Luxon talked to more surgeons and dug into the medical literature; he found that the problem was pervasive and not only anecdotal. The Potrero board decided the opportunity was ripe to spin out a new company to build a drainage solution for post-operative cardiothoracic care, with Luxon leading the company as co-founder and CEO.
Luxon wrapped up product development at Potrero and made the move back to Omaha in 2015. His company secured grants from the National Science Foundation and the State of Nebraska totaling $1.3 million early on. The company leveraged the financing to raise an additional $2.9 million Series A round in 2017 to complete development of its product, Thoraguard, which automates post-surgical chest tube management in order to improve patient outcomes and reduce costs. Upon receiving FDA clearance for commercial use in 2018, the company has moved forward with pilot studies at premier institutions around the country and is turning its attention to its scaling.
Centese employs seven full time. All are in Omaha with the exception of one at TheraNova, and they span the areas of engineering, quality, and manufacturing. Centese’s device is built on site, including sterile disposable units that are assembled in the company’s ISO Class 7 cleanroom.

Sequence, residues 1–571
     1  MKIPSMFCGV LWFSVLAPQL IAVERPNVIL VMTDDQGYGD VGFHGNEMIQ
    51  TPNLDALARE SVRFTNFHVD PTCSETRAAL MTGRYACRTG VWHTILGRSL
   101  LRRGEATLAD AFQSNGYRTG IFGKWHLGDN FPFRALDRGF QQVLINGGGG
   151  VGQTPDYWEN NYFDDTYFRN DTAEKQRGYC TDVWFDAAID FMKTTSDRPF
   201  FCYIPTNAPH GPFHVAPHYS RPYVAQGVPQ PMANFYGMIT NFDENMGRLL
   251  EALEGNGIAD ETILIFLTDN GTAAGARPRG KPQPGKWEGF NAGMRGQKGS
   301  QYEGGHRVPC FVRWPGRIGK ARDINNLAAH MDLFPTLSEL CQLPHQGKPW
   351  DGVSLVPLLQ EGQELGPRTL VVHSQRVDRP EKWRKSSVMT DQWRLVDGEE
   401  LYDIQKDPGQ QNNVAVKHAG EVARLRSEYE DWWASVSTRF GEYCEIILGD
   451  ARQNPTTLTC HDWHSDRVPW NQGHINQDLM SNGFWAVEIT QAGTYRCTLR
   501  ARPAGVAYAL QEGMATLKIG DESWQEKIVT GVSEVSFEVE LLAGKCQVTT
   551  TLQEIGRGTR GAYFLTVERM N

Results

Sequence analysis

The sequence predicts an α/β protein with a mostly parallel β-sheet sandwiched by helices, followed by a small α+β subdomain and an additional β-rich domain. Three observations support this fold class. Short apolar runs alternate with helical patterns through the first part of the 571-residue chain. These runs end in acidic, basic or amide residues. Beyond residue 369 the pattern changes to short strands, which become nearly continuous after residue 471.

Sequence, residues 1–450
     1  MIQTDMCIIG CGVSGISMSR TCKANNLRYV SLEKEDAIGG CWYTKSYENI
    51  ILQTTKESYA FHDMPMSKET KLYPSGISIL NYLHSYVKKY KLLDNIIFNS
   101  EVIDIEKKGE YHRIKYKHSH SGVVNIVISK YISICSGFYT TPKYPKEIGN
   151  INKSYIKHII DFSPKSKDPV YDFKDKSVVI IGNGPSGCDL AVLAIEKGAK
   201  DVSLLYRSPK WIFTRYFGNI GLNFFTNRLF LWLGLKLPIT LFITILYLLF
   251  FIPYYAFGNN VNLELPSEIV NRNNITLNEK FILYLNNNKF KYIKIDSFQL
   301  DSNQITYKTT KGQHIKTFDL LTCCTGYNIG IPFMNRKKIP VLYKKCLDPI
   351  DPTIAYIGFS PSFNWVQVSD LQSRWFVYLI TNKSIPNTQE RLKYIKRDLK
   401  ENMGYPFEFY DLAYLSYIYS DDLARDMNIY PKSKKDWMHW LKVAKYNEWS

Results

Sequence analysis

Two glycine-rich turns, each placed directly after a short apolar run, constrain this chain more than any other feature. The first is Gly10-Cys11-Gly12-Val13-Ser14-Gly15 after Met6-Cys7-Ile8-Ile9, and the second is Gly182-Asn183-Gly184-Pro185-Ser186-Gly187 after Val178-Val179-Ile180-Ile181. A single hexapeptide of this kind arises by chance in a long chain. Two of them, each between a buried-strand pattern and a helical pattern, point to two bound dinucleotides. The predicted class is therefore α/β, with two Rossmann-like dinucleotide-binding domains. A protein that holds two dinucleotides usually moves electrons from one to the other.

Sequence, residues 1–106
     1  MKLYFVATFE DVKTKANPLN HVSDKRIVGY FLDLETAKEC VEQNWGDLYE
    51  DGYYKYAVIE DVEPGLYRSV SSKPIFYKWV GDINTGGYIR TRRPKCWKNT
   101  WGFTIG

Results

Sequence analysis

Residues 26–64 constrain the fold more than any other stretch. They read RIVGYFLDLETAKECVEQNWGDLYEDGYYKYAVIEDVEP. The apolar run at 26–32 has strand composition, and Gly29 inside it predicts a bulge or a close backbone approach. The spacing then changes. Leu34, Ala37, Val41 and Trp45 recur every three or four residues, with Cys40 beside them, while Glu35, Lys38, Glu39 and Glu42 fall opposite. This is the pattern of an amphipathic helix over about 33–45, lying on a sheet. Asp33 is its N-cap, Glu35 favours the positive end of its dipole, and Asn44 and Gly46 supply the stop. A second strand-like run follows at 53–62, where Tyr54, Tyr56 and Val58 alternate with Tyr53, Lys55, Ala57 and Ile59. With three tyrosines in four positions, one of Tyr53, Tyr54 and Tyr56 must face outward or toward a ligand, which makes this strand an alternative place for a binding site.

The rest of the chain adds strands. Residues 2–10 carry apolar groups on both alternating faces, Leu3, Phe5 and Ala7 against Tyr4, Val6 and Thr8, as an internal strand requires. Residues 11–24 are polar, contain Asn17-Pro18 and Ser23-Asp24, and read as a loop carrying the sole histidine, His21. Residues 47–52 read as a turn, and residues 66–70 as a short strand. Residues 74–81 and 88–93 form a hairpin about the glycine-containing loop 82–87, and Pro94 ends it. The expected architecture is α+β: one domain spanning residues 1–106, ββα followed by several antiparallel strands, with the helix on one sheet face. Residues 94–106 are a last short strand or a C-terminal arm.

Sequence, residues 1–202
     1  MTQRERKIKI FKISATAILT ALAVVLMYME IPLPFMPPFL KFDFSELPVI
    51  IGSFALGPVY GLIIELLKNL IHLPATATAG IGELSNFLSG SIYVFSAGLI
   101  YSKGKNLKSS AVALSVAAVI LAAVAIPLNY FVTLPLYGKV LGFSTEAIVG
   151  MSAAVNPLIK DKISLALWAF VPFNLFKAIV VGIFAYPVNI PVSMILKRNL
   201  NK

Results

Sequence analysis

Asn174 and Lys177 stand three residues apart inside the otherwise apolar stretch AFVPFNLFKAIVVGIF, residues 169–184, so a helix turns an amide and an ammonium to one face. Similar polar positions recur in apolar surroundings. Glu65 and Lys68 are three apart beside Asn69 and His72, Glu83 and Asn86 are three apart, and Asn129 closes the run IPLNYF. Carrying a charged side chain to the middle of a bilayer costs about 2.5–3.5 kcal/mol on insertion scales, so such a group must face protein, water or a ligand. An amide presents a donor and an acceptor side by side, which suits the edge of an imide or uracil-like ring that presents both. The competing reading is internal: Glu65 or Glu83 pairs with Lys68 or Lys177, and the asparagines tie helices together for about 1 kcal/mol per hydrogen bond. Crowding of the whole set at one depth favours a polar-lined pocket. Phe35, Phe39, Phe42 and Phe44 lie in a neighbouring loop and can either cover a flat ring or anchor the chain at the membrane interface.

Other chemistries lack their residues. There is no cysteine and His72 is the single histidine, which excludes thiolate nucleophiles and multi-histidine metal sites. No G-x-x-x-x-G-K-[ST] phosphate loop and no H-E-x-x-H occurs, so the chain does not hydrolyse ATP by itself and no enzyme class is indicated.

“I’ve kept close ties with the team at TheraNova and continue to leverage the expertise there that’s been so valuable to Centese and has contributed to so much of our success in Nebraska.”
Luxon added that his experience founding his company in Nebraska has been very positive.
“Since moving back, people in the startup ecosystem here have been incredibly supportive, which led me to Pipeline, and a strong relationship with UNeMed; a small group of us are networking to establish a medical device startup community in Nebraska that can foster the growth of more medical device companies here.”
UNeMed is the technology transfer and commercialization office for the University of Nebraska Medical Center and the University of Nebraska at Omaha.
Luxon commented on his decision to build a medical device company in Nebraska and the opportunity for a medtech ecosystem to develop here.